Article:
In our experience, there are two reasons why Value Pricing fails in firms. First, the price quoted was simply too low because the value created was misunderstood, or—and this is more common—the firm just wimped out on the price.
The reasons why this happen are many—no Chief Value Officer, no pricing cartel formed, no responsibility or expertise in pricing, not willing to take risks, not learning from successes and failures, no intellectual curiosity, among others too exhaustive to list.
Second, firms are horrific at scoping projects, project management, and communicating with customers up-front about what is covered in the price and what is not. This leads to the insidious scope creep, the largest killer of Value Pricing initiatives across all firms.
There’s a saying that if you do something stupid once, it’s a mistake. Do it twice, it’s an ideology. Why professionals can’t learn to back off from work that isn’t pre-authorized by the customer has always amazed me. I couldn’t do when I practiced because of what I was taught by my leaders. It wasn’t until I became convinced it was the right thing to do for the customer that I began to change my behavior.
None of us would give our auto mechanics a blank check for repairs just because they found another problem. If auto mechanics and contractors can adequately define scope and issue change orders, why can’t we?
Ed Kless and Chris Marston have both written wonderful posts on scoping projects, another of which is on Chris’ blog. There is a framework to follow, but as with the rest of Value Pricing, you have to find your own way.
In that spirit, Trailblazer Matthew Tol sent me this thought-provoking email on his firm’s approach to scoping projects as well as managing the customer’s expectations.
I have just come from a meeting with a business which was looking at us to do some work for them. From that meeting, I learned an interesting new concept with regard to scoping and explaining it fully to the potential client.
The business they are in is an absolute mess—they have no idea of where they are financially and have spent the last eight years building an operation which has grown at in excess of 65% (compound) annually. In short, they have done a spectacular job of getting to where they are now but they’re not sure where that is!
The first problem is that their systems are way way way below the level they need to be. They want help in getting their information up to date and then assisting them with developing new systems to cope with their planned growth from here on in.
The second problem they have is they have an ex Consultant (ex Big 4 Accounting Firm) who was wanting a fixed price (which is a good start) for the agreed scope. In our discussions however, it unfolded that many of the issues they had assumed were within their scope were in fact potentially outside of it.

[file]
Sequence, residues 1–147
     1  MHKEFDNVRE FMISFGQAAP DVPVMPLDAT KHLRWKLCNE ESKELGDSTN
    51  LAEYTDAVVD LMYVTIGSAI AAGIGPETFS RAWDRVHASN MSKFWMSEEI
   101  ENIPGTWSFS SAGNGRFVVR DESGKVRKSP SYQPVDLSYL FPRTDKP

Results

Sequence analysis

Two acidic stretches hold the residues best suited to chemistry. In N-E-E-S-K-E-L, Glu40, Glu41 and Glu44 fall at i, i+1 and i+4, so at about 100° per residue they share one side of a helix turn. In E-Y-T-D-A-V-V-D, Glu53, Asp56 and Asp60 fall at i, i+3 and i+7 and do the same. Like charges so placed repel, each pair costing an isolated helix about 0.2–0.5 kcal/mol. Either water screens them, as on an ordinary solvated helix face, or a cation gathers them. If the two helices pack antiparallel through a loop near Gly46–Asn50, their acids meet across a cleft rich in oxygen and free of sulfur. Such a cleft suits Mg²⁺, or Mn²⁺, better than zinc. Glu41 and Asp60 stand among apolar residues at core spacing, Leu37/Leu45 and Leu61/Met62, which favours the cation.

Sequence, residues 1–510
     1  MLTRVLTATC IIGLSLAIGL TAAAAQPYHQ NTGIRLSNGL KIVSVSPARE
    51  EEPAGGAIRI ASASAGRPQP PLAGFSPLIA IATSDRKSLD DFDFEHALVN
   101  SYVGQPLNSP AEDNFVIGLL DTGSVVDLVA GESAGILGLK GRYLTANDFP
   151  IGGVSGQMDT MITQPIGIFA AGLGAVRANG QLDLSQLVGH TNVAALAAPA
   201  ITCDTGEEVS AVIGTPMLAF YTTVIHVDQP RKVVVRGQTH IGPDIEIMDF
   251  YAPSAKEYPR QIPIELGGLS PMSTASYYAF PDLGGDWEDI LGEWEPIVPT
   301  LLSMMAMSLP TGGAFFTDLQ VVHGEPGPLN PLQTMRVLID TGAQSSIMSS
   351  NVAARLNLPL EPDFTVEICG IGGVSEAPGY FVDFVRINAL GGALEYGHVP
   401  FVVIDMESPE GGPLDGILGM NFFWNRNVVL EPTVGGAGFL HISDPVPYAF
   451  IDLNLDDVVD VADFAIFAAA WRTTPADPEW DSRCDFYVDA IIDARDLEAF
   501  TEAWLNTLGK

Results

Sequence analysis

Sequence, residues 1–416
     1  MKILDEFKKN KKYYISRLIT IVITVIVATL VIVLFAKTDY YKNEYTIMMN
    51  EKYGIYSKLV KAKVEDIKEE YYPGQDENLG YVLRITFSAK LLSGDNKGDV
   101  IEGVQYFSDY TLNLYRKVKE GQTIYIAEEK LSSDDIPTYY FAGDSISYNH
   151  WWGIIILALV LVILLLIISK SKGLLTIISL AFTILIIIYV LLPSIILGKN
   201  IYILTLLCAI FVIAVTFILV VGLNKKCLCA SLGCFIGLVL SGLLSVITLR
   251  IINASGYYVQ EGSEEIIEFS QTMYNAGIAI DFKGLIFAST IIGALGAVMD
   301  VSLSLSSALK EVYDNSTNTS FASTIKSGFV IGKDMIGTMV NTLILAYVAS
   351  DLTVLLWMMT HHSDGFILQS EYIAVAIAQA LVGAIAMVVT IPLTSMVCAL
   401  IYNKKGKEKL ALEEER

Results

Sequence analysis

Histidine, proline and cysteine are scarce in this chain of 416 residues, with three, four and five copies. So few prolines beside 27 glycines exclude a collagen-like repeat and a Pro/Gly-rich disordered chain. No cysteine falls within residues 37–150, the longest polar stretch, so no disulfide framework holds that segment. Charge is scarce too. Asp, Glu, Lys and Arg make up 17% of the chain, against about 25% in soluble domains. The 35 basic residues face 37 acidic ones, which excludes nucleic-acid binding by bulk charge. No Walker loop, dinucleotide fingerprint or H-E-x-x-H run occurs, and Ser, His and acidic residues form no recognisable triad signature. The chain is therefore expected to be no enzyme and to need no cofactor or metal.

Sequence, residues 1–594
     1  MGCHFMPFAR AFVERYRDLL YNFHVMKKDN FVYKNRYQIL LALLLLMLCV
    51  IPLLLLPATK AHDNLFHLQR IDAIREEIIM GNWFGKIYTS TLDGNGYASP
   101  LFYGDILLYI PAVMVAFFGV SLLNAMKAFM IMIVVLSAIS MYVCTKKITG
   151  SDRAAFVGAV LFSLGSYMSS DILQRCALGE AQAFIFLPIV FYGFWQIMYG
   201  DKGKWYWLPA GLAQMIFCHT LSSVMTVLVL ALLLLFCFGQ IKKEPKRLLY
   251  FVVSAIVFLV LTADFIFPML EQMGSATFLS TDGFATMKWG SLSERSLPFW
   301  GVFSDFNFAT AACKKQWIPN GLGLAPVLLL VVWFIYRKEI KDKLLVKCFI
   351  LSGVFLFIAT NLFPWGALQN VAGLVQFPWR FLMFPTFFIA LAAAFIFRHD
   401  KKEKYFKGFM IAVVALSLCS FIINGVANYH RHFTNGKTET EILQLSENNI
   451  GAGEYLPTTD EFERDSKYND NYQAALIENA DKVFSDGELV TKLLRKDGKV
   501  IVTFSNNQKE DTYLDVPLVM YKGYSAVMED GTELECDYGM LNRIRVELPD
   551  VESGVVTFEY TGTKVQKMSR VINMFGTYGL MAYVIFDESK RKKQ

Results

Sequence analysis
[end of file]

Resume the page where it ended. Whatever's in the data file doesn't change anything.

Issues such as incomplete records, erroneous assumptions on the part of prior staff and God knows whatever else. We proceeded to have a rather detailed discussion on the scope whereby we likened the issue to peeling back the layers of an onion—the initial scope was to peel back one or two layers. If we then found that we needed to keep peeling back layers due to what we’d found, then we would be downing tools and seeking a discussion with them as to their preferred method of progress from there on—they fix it or we have a Change Order and we’d attend to it.
It is the assumption gap that creates the issue here—unless the scope is very precise and detailed, you’re bound to have problems. To ensure your scope is correct and valuable to the client, you need to spend a fair bit of time questioning not only what they want but why they want it and what they will do with the outcomes from the engagement. The understanding leads to precision.
The base learning in scoping discussions is that initially we assume that everything is OK (natural when you’re speaking with a potential new client). Once you’ve done it a few times, you find the scope is a bit like an onion—we need to understand that the scope may expand down through a number of different layers.
Having your initial scoping deal with the known and unknown layers ab initio can save a pile of time (and pain, angst, badwill and fees) down the track. It will ensure the relationship gets off to the best start and gives it a great chance of developing and growing over the duration of the engagement.
Maybe our lawyer friends could take something from the above that will help them get on the bus (ref “Talkers are no good doers” post).
Thanks for sharing your intellectual capital Matthew, your progress continues to inspire all of us here.
Some of our fellows believe one way to incrementally implement Value Pricing is to begin with a clear scope document in the Fixed Price Agreement and start issuing change orders.
You don’t have to be very skilled at pricing to achieve this. And since it’s the hardest part of Value Pricing, as well as the largest reason for failure, it’s probably a good place to start.
Perhaps another Key Predictive Indicator for the pricing cartel could be how many times someone identified scope creep, and what percentage of the time does that lead to change orders.
We’d love to hear from other firms on how they approach scope creep.